Tuesday, February 16, 2010


And Now, A Word for the Dogs

Last night I watched the first night of the 134th Annual Westminster Kennel Club Dog Show. Today, I read about what I saw in the New York Times. The groups judged last night were the hound group, the toy group, the non-sporting group and the herding group.

The Times writer talked about the waiting the dogs must endure while the judge makes his or her final decision about who best represents each breed, and in turn who best represents each breed group. Times sports writer Richard Sandomir judged the hounds as the most impish and playful while passing the time (he called them mischievous). I can attest to the impishness of hounds. As readers of this space know, I have a Black and Tan Coonhound. Walt Disney owned several Black and Tans, and Goofy and Pluto are reportedly based on Coonhounds. Ours is far outside of breed standard and a rescue. If she had been whelped by a show bitch she would have most likely been put down as being a horrid mutant. Her ears are too short. She has a white spot on her chest. These types of imperfections are a death sentence with a large number of breeders, constantly seeking the uber-hound.

I have never bought a purebred dog from a breeder. From my first dog, adopted when I was eight years old, all have come from neighbors with unintended litters, city pounds and rescue organizations. I even took in a stray from a Los Angeles street once, a Scottish Terrier. I was unable to provide him a home, but I was able to get him from the street to a non-kill shelter, surely a better end than under a car or in the belly of a mountain lion.

The winner of the toy group was, as frequently the case, a toy poodle with an embarrassing haircut. I have no doubt that this purse ornament will either be best in show or take second place. As I learned from the announcers last night, in the previous 133 years of this tournament one dog from the herding group has won best in show, and four hounds. Surely over a 133-year period more than four hounds and one herder deserved the top title. To be fair, originally there were only two groups, sporting and non-sporting. In 1924 the two main groups were expanded to five: Sporting, Working, Terrier, Toy, and Non-Sporting. Still that's a whole lot of years where the Best in Show was some fru-fru purse ornament and not a big, lovable hound or shepherd. A few years ago I was overjoyed when Josh, a Newfoundland, won the big prize.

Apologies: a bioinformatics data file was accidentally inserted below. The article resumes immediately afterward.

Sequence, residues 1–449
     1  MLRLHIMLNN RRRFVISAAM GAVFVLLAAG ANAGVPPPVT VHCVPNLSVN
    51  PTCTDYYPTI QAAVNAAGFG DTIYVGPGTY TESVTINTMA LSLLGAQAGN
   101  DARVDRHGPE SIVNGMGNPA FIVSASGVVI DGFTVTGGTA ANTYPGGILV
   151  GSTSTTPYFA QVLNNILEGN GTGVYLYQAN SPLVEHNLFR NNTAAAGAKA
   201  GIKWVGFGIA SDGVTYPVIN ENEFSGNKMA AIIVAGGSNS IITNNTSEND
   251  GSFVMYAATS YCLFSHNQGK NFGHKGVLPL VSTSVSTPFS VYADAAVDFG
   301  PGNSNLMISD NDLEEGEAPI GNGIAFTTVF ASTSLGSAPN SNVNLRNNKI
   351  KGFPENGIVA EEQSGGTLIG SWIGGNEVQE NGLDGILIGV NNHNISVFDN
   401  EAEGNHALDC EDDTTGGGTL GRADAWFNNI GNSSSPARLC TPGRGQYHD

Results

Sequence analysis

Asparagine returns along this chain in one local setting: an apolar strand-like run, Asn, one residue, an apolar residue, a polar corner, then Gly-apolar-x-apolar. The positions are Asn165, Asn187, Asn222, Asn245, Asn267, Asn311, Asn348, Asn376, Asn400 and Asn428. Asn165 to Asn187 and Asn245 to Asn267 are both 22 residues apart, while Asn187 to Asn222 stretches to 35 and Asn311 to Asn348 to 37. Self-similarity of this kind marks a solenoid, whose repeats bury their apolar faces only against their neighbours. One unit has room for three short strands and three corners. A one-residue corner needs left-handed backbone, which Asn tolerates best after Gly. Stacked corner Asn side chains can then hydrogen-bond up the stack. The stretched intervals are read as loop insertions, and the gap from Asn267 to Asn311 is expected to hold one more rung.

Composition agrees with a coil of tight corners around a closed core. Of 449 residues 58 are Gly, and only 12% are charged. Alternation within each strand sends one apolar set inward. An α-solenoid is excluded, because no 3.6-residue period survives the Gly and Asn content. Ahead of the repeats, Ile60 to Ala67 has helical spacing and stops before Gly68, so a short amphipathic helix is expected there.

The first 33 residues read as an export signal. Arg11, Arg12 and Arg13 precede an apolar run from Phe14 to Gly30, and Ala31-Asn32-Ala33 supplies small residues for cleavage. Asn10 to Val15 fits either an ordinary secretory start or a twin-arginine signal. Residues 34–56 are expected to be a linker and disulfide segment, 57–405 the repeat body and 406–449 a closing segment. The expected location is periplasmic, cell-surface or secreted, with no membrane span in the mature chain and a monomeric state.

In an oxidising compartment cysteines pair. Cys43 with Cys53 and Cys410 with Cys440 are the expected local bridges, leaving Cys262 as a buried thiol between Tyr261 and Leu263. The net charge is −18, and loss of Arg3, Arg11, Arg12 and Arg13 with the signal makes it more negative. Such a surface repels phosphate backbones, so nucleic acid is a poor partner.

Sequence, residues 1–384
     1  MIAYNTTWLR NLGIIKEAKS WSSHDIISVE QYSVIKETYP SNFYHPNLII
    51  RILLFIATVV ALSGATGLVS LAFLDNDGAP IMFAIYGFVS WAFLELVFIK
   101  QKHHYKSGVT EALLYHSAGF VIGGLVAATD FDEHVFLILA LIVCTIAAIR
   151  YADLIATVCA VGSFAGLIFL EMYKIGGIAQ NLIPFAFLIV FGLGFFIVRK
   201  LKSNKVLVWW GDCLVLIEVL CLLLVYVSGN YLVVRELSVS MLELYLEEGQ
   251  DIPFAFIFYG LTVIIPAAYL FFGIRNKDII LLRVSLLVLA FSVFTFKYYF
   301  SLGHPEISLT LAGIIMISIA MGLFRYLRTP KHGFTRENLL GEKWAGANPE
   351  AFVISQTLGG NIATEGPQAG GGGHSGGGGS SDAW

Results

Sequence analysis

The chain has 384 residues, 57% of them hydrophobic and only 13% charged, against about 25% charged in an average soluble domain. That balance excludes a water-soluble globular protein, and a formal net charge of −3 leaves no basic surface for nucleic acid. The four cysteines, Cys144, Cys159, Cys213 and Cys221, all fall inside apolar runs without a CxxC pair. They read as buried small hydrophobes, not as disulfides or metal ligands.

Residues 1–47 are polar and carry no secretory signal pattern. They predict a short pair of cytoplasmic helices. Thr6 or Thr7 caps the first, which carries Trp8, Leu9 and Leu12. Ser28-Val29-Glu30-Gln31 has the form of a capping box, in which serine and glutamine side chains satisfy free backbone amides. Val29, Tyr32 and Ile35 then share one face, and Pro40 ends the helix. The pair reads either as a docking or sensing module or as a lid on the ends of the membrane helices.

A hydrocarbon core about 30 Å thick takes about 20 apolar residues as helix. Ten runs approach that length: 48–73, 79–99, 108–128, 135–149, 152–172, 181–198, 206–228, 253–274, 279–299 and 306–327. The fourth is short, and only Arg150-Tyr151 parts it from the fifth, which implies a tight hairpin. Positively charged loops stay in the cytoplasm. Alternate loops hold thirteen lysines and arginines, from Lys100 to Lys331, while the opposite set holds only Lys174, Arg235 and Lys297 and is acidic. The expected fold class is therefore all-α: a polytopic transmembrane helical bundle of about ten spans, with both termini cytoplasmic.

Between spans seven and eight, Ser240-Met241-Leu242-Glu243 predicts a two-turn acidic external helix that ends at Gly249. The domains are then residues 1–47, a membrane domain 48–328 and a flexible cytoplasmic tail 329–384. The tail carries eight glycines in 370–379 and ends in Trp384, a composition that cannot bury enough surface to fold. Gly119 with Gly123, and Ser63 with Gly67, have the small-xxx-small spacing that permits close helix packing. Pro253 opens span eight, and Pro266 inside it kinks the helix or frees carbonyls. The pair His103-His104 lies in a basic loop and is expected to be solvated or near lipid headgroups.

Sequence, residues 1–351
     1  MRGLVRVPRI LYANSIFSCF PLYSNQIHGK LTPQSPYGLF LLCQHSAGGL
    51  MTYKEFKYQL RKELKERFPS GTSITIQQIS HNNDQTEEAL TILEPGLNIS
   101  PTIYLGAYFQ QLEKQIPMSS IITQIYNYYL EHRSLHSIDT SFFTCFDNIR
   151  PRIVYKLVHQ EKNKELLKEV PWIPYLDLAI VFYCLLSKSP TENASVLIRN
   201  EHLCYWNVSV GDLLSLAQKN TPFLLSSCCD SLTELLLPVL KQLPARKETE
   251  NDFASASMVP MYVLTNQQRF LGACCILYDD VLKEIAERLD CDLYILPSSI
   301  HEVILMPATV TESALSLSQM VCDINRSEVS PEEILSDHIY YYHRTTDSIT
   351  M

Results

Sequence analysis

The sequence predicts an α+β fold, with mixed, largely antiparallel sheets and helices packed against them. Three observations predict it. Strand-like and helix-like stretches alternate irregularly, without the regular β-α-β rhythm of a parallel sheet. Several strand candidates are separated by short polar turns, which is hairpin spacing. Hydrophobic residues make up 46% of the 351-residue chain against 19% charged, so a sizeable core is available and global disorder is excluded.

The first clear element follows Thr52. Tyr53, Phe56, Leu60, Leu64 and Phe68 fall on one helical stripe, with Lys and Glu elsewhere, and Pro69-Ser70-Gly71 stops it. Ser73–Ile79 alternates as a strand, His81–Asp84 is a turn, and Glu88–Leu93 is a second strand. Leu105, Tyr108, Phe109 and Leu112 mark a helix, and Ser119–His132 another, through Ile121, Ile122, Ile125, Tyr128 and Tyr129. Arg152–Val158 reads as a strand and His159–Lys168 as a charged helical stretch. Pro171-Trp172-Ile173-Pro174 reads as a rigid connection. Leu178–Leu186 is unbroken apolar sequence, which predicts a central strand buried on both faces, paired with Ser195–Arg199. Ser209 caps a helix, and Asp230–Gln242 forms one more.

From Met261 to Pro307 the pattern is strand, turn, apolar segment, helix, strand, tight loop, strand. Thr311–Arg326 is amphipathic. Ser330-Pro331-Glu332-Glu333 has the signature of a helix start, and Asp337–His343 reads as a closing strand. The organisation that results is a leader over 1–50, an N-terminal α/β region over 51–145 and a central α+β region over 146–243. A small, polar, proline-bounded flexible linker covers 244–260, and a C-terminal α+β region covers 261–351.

Last year, a Sussex Spaniel (sporting group) won best in show. The Sussex was quite possibly the oldest winner ever, taking the crown at the ripe old age of ten. This dog has been entered in Westminster several times, as I have been informed by a dog walker I know who has walked dogs directly related to this dog. So why was the Sussex best last year when in previous years did not make it to the final night? The walker told me that the judge assigned to the final slot was friends with the breeder who produced the prize winning Sussex. I do not know this as a sure fact, but if it were true, I would not be surprised. Dog shows are subjectively judged, like Olympic gymnastics, figure skating and diving. It is not a race. There is no clock, no sure winner.

The judges themselves looked like characters in "Best in Show," the hilarious film by the group that brought us "Waiting for Guffman," "A Mighty Wind," and "For Your Consideration." When one of the judges was introduced I said to my wife- "Look- it's Jane Lynch twenty years from now!" The men wore tuxedos and the women wore horrifyingly garish glitter-covered tents.

One thing is highly likely. The winning hound, a beautiful brindled whippet, will not take best in show. That will, once again, go to the toy poodle or maybe a terrier who stopped at a make-up trailer.
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